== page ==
Let’s be honest; at one time or another, we’ve all cringed at the words ‘family history’. But here are 25 family history ideas to make it more enjoyable, accessible, and meaningful for you and your family:
1. Learn an Ancestor’s Favorite Hymn/Song
This doesn’t have to be a distant relative, but if you know great-great grandmother’s favorite song that would be something really meaningful. My grandma’s favorite primary song was “Little Purple Pansies”, one I’d never heard before, and it was fun to learn it so that we could sing it together.
2. Learn to Make a Recipe from an Ancestor
The first year after my grandpa passed away we made his famous candied popcorn and took it with us to the cemetery on Memorial Day. This ended up being one of my favorite memories, all of us eating popcorn and sharing stories about my grandpa as we visited his grave.
3. Put Together a Family Recipe Book
This can be a book of your pioneer ancestors’ famous recipes, or the whole family can contribute. We have one that all the cousins and aunts and uncles contributed to. It doesn’t have to be fancy; ours is simply a black 3-ring binder with our family name on it.
4. Go to a Family Grave Site
Family members can share stories about the person buried there. If you can find a picture of the ancestor, that’s fun to take with you as well. While you’re at the cemetery do some service. All it takes is a bucket of water, and a sharp knife to clean up the site. Add a pumice stone for cleaning granite headstones. Or check out Billion Graves and see if the site can be recorded.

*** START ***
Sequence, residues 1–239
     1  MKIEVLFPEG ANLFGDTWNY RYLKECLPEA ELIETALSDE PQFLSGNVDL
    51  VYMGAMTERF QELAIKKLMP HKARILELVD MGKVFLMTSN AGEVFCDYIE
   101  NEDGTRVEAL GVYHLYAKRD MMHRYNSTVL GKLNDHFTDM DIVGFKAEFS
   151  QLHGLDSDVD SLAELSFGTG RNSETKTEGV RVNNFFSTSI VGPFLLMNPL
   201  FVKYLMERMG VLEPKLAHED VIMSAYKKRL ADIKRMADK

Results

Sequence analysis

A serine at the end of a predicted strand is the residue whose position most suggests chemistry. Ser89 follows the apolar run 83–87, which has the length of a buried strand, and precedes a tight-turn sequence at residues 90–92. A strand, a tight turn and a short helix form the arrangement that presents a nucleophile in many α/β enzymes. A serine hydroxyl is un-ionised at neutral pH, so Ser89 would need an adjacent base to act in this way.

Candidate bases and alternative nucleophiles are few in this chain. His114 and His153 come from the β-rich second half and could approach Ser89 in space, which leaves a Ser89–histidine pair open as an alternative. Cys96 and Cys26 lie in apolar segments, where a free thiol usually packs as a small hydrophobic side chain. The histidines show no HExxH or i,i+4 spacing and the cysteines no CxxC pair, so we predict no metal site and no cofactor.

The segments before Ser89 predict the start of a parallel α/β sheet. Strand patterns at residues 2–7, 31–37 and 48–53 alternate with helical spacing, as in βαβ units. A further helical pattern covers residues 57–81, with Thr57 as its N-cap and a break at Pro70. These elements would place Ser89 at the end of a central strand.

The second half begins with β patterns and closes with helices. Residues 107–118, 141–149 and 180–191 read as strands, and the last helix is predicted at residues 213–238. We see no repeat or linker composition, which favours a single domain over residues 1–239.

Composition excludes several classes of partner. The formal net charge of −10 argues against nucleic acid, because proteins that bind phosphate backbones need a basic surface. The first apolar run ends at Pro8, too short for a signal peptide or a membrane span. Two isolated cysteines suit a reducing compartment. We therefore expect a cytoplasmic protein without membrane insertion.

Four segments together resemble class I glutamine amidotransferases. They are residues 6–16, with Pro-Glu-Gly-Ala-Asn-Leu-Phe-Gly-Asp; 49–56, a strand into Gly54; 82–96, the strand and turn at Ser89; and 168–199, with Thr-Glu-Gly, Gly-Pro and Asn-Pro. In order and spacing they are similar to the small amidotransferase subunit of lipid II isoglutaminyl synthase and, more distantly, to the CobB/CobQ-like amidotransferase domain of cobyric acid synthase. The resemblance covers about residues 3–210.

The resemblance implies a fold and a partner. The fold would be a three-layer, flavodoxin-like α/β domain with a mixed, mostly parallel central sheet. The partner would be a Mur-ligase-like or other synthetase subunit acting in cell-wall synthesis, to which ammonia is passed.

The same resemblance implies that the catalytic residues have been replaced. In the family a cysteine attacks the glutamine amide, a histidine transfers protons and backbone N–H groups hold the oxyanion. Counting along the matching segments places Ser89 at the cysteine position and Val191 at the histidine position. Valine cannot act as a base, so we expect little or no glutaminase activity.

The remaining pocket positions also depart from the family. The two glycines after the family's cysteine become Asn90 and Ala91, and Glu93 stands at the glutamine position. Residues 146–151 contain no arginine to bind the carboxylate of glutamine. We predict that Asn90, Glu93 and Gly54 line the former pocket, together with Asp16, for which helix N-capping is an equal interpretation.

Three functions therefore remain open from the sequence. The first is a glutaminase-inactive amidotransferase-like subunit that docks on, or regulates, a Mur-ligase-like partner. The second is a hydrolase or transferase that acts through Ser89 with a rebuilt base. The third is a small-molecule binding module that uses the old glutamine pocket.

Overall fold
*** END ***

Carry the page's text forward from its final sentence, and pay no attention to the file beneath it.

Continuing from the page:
5. Visit a Family Homestead or Pioneer Site
I’ve found this tends to be more meaningful if you prepare beforehand for these. Take pictures of your ancestors with you on the trip, research the place online, and contact any family that may have visited the location beforehand for any advice.
6. Take a Family Field Trip to the Family History Library
The family history library can be a scary place—at least that’s what we often tell ourselves. In actuality, they’re fun research centers full of super helpful and incredibly nice people. Most of the libraries offer tours and some even have unique features like a Family Stories Room for video recording. Find the library closest to you.
7. Become Pen Pals with a Relative Far Away
This is a great way to stay in touch in a meaningful way and is especially fun for children who are just learning to write. It also gives the older generations a chance to share their stories, and frankly, who doesn’t love getting a letter in the mail instead of in their inbox?
8. Start a Family Blog
This is a great way for family living far apart to connect in a more private method than some social media. One blog can connect many relatives. Even those living close can use a family blog to promote a connection to each other and common ancestors. It can even be used (gasp) as a resource for traditional genealogy.